"The king is dead. Long live the king," Kass said on CNBC's "Futures Now," as Apple shares dropped about 10 percent to $460 a share. "The company faces a much more difficult business landscape, the competition is escalating and that's going to challenge profitability over the next couple of years."
(For a different perspective, see: What's Wrong With Apple? It's Not What You Think)
From the iPod to the iPhone and iPad, Apple had long released one "market-defining" product after another, but the tech company has grown so large that it's losing its "first-mover advantage" and its competitors are catching up, Kass said. The popularity of Amazon's Kindle and Google's Nexus 7 has crowded the tablet market. Apple's iPhone faces increased competition from Google's Android and Samsung's Galaxy operating systems. (Read More: Apple 'A Broken Company': Gundlach)
Apple's drop wiped out roughly $50 billion in its market capitalization to $432 billion, leaving the company vulnerable to losing its status as the most valuable U.S. company to second place Exxon Mobil at $417 billion. It's also lost some of its influence in the Nasdaq 100, CNBC's Seema Mody reports. At its high of $705 a share, Apple had accounted for about 20 percent of the Nasdaq 100, Moody said. Today, however, it accounts for just 13 percent of the Nasdaq.
Apple's disappointing results drew a round of price-target cuts from brokerages. At least 14 brokerages, including Barclays Capital, Credit Suisse and Deutsche Bank, cut their price target on the stock by $142 on average. Morgan Stanley removed the stock from its "best ideas" list.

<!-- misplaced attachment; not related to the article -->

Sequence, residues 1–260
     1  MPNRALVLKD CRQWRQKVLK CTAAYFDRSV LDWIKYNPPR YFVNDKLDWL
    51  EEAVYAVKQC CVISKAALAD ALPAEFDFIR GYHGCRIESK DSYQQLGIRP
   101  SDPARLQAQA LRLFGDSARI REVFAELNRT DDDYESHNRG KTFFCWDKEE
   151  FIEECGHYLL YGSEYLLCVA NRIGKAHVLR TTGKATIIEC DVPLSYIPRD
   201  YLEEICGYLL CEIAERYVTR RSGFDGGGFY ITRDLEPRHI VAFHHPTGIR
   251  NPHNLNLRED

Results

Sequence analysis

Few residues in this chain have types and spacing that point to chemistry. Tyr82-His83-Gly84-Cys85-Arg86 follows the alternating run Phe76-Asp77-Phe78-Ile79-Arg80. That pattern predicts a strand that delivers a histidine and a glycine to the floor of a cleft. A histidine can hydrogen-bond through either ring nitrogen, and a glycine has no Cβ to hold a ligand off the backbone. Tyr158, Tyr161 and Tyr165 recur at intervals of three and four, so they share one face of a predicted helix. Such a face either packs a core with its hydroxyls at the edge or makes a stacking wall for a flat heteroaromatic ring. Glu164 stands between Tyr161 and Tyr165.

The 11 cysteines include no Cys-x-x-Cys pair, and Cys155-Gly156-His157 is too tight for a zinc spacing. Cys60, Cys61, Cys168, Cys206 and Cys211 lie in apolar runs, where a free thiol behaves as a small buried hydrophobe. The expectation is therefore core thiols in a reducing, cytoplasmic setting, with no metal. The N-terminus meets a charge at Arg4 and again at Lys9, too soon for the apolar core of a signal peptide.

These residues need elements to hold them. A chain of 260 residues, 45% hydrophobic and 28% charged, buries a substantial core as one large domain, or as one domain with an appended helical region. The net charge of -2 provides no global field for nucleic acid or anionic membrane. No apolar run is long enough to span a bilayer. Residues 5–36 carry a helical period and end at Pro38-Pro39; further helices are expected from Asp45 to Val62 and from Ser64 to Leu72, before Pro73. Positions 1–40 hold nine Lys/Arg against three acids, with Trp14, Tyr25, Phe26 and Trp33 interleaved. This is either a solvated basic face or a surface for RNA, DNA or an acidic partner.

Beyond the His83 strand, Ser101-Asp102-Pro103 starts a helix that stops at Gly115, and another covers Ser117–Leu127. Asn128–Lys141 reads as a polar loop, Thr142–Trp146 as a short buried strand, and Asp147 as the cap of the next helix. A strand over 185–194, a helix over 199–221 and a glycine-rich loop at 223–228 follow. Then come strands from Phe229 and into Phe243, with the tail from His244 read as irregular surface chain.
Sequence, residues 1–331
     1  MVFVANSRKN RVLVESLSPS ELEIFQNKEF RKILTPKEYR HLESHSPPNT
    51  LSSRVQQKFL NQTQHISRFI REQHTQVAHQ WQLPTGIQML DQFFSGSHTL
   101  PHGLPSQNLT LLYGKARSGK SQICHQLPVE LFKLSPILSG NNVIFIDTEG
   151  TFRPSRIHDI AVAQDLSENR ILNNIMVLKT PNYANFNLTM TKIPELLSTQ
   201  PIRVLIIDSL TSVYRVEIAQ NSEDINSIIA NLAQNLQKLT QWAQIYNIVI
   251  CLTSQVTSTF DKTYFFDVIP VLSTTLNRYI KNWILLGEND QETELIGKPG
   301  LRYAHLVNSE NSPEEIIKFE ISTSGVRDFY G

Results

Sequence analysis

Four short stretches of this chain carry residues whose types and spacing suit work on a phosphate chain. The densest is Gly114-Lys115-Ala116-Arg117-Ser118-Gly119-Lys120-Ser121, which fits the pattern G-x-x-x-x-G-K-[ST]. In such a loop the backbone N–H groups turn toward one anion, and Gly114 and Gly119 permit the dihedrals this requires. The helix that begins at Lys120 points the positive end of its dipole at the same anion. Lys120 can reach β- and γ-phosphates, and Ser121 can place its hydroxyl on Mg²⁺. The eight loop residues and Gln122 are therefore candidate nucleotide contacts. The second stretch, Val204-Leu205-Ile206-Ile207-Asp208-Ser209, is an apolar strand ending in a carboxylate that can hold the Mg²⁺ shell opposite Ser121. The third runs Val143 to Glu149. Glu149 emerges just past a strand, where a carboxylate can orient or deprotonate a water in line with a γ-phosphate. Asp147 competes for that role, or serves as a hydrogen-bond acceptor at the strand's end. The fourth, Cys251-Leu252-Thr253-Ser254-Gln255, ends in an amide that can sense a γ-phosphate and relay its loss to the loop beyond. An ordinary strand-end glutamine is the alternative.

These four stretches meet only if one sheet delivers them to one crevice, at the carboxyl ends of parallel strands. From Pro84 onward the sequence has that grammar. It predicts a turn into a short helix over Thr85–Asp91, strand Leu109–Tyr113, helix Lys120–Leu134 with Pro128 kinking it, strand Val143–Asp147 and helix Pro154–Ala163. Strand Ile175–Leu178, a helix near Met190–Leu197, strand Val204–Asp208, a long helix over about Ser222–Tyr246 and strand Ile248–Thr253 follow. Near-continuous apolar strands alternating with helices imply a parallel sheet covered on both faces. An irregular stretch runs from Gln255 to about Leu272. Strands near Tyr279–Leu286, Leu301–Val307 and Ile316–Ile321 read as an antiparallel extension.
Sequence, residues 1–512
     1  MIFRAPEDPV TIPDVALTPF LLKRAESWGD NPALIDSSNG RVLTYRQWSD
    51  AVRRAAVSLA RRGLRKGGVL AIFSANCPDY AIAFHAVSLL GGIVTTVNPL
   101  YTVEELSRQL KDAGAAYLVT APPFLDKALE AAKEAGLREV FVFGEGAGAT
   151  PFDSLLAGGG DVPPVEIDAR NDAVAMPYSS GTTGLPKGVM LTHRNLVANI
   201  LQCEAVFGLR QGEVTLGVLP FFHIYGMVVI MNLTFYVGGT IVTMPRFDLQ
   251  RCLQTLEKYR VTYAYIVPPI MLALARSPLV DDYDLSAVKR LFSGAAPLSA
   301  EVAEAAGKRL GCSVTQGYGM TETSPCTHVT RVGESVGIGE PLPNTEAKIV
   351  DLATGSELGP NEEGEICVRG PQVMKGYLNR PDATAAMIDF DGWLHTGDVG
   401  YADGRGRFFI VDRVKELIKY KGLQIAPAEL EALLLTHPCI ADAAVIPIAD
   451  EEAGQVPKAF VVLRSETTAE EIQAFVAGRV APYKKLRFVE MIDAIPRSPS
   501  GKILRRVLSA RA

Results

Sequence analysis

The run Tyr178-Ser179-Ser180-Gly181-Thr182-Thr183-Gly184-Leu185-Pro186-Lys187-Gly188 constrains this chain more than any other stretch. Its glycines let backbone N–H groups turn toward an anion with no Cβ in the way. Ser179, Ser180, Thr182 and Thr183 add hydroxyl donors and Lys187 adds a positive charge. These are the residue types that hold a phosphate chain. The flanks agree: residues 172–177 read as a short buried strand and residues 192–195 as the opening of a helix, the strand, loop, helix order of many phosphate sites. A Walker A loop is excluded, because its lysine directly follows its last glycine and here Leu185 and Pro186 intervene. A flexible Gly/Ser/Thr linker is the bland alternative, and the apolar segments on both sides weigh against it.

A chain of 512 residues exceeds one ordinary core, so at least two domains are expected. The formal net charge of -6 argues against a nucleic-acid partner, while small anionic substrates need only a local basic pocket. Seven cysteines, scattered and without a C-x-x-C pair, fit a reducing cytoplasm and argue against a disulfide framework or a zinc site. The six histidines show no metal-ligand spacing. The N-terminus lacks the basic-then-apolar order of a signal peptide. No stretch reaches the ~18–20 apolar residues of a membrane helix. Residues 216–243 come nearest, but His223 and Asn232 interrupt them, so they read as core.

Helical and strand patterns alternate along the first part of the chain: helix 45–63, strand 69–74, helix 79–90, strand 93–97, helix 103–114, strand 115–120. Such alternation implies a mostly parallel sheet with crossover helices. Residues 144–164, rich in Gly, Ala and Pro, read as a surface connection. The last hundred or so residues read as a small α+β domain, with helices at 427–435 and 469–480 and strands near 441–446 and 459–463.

On Tuesday, Kass correctly predicted Apple would likely report disappointing results. Looking ahead, he thinks the company will be more conservative on its forward guidance, tempering earnings expectations. (Read More: Why Doug Kass, Marc Faber Remain Bearish on Apple)
"This speaks volumes of a company who is maturing and whose valuation will settle into what most large tech companies sell in terms of valuation," Kass said, making a comparison to Microsoft, which was another widely owned and popular stock until it cooled off in the late 1990s. "They're both maturing, large cash flow stories. In the late '80s, early '90s, Microsoft expectations were elevated similar to what Apple was, let's say, in the middle of 2012."
(Read More: Apple Should Not Be Trading at This Multiple: Cramer)
Like Microsoft, Apple will probably be perceived by Wall Street as a "large cash flow generator with limited secular earnings growth," Kass said.
Going forward, he thinks the stock will likely languish between $425 and $500 for "as long as the eye can see."